Thursday, June 20, 2024

North Idaho College awaits accreditation decision

Staff Writer | June 25, 2023 1:08 AM

COEUR d’ALENE — The fate of North Idaho College is in the hands of the Northwest Commission on Colleges and Universities as the commission deliberates whether NIC will retain accreditation.

NIC President Nick Swayne, board chair Greg McKenzie and several college employees met with the commission Friday in Seattle for a hearing regarding NIC’s accreditation.

The commission will make a decision within 30 days. Possible outcomes could be negative, neutral or positive.

If the college loses accreditation, it may be impossible to regain it.

“I can tell you that the NWCCU basically said, ‘If you lose accreditation, the chances of coming back, the Phoenix plan, is really not a realistic hope,’” Swayne told community members at a public forum in May. “We’d have to figure out some other way of restoring education on this campus.”

Most colleges that face accreditation loss do so because of problems with finances or academics. That is not the case at NIC.

North Idaho College’s accreditation has been in jeopardy since April 2022, when the commission sanctioned NIC with a warning, citing persistent issues specifically related to the board.

The roots of the accreditation turmoil stretch back to 2020, however. The Coeur d’Alene Press has created a timeline of events leading up to Friday’s hearing.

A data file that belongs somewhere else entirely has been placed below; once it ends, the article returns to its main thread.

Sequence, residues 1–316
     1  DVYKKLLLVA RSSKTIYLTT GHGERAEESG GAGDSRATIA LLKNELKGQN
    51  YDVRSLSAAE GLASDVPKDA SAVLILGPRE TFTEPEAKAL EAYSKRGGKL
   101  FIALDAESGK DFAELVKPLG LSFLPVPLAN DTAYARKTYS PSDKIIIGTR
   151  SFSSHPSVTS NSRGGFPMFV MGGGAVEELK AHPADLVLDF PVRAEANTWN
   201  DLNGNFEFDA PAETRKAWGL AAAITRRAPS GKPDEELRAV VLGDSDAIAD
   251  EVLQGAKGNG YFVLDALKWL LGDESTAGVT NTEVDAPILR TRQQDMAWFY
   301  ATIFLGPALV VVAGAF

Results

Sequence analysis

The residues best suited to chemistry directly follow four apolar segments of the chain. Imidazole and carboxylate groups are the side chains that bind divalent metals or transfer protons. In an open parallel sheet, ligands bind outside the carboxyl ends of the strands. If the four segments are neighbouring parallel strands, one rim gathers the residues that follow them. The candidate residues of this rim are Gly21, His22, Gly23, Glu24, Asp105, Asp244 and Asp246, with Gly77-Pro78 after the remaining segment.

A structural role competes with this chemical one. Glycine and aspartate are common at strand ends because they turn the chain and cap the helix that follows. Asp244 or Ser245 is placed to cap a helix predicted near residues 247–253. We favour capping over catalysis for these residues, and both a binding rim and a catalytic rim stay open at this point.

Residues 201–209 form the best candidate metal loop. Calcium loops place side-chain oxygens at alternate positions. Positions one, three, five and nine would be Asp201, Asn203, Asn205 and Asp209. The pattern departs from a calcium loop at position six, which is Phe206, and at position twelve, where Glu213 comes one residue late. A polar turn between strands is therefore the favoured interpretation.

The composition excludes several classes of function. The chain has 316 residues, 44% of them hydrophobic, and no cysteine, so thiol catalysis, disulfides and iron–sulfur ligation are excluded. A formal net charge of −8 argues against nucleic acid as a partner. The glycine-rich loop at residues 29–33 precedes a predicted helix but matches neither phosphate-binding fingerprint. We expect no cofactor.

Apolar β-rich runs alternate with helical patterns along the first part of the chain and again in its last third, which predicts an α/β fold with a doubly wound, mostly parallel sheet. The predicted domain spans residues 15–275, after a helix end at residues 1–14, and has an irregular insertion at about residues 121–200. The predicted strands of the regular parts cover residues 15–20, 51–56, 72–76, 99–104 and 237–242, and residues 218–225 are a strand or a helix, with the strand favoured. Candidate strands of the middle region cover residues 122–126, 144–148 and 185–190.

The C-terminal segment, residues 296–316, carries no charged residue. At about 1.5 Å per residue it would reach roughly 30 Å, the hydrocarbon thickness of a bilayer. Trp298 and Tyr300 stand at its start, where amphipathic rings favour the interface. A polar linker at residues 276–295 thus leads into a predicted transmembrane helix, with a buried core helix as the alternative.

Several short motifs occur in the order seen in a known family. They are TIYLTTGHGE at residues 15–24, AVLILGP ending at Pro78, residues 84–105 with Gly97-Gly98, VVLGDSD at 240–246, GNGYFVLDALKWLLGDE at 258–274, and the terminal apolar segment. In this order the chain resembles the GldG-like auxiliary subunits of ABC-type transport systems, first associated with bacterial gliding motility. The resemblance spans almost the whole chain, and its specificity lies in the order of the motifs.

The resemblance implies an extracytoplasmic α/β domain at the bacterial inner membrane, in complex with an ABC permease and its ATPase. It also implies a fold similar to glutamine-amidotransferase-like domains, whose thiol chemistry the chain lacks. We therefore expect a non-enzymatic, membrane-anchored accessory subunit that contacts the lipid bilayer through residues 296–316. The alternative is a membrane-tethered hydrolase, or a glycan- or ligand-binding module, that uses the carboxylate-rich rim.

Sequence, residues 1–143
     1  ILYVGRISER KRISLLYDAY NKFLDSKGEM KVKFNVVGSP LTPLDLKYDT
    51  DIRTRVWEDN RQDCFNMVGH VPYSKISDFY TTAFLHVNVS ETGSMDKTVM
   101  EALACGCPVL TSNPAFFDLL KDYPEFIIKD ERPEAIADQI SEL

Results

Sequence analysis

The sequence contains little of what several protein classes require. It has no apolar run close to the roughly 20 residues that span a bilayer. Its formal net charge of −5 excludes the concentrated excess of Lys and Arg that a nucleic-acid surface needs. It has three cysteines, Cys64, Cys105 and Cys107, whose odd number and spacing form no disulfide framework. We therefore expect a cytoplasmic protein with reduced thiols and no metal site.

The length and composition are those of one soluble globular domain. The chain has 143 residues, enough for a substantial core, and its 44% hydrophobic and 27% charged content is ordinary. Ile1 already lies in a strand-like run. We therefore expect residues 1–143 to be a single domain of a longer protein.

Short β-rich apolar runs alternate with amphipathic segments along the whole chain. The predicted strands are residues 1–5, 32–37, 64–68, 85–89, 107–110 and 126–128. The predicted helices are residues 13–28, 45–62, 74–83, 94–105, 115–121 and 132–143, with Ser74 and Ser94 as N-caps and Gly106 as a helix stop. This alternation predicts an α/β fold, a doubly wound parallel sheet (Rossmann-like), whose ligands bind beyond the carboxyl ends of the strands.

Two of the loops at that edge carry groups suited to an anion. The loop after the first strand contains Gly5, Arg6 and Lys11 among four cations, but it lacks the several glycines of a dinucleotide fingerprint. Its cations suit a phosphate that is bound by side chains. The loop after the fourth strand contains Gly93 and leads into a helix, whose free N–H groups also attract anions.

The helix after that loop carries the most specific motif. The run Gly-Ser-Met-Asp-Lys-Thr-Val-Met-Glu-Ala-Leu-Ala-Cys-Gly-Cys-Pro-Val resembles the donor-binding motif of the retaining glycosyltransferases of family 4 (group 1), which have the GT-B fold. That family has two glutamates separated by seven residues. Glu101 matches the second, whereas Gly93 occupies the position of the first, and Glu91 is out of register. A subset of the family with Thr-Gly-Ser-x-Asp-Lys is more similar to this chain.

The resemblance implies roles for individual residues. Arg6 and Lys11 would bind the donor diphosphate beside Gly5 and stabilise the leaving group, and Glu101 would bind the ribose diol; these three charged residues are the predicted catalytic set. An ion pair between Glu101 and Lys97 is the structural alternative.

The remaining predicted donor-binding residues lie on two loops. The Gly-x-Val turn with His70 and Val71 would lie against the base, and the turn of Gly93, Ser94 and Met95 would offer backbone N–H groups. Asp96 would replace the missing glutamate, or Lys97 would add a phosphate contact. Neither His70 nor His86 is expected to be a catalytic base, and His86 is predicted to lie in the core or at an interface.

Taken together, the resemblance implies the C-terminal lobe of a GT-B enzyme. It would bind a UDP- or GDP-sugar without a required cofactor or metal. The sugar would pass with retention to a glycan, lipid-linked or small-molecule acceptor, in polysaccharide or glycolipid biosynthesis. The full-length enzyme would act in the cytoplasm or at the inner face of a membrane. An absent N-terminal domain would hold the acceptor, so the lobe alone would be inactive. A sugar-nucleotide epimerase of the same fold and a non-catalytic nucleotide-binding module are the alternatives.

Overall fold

The college received another warning in December, after a series of chaotic meetings the board later admitted may have violated Idaho's open meeting laws. During those meetings, trustees cast split votes to place the college president, Nick Swayne, on administrative leave for no disciplinary reason and hire Art Macomber as new legal counsel for the college.

The board’s decisions triggered multiple lawsuits — including one from Swayne, who sued for reinstatement — as well as a “show cause” sanction from the NWCCU in February. Show cause is the last step before the potential loss of accreditation.

Since then, the board has taken steps to cure the open meeting law violations and hire new legal counsel.

Trustees also complied in March with a court order to reinstate Swayne as active president, though the board majority soon voted to nullify his contract while allowing him to continue to work until further notice.

This month, Swayne won his lawsuit. He received summary judgment without going to trial, as well as a stipulation that any attempts to void his employment agreement are invalid.

After conducting a visit to NIC’s campus, a team representing the NWCCU reported in May that North Idaho College has made some progress since receiving a show cause sanction but cautioned that only time will tell if effective change can continue.

North Idaho College has requested a reduction in sanctions.

In a worst-case scenario, NWCCU could revoke accreditation immediately after rendering its decision. The college would have to implement “teach out” agreements with other institutions throughout the region, in coordination with the Idaho State Board of Education.

The commission may leave NIC on “show cause” status and put off a final decision until a later date while specifying what changes NIC should make in the meantime. The college could also receive a less severe sanction, such as probation.

Should accreditation be lost, the State Board of Education has committed to ensuring there are “off-ramps” to other high education institutions for students already enrolled at NIC. Degrees earned before the loss would remain valid.

But dual-enrollment programs for high school students, who comprise nearly a third of NIC’s student population, would cease to exist. So would satellite programs with other colleges.